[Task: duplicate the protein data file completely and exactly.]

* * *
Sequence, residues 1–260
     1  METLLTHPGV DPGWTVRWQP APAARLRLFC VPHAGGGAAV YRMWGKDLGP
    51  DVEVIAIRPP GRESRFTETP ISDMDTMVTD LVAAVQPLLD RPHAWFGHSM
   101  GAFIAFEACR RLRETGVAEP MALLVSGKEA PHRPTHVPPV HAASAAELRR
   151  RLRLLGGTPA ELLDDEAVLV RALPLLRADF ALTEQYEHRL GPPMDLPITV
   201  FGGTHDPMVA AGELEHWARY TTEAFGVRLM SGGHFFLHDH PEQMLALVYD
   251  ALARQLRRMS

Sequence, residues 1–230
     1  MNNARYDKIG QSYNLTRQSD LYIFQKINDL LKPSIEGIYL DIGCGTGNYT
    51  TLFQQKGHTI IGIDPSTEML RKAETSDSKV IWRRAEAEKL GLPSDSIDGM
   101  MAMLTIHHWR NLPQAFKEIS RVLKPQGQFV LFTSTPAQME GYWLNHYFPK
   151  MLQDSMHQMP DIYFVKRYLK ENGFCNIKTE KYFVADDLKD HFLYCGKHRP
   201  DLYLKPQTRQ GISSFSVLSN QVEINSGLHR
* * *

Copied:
Sequence, residues 1–260
     1  METLLTHPGV DPGWTVRWQP APAARLRLFC VPHAGGGAAV YRMWGKDLGP
    51  DVEVIAIRPP GRESRFTETP ISDMDTMVTD LVAAVQPLLD RPHAWFGHSM
   101  GAFIAFEACR RLRETGVAEP MALLVSGKEA PHRPTHVPPV HAASAAELRR
   151  RLRLLGGTPA ELLDDEAVLV RALPLLRADF ALTEQYEHRL GPPMDLPITV
   201  FGGTHDPMVA AGELEHWARY TTEAFGVRLM SGGHFFLHDH PEQMLALVYD
   251  ALARQLRRMS

Sequence, residues 1–230
     1  MNNARYDKIG QSYNLTRQSD LYIFQKINDL LKPSIEGIYL DIGCGTGNYT
    51  TLFQQKGHTI IGIDPSTEML RKAETSDSKV IWRRAEAEKL GLPSDSIDGM
   101  MAMLTIHHWR NLPQAFKEIS RVLKPQGQFV LFTSTPAQME GYWLNHYFPK
   151  MLQDSMHQMP DIYFVKRYLK ENGFCNIKTE KYFVADDLKD HFLYCGKHRP
   201  DLYLKPQTRQ GISSFSVLSN QVEINSGLHR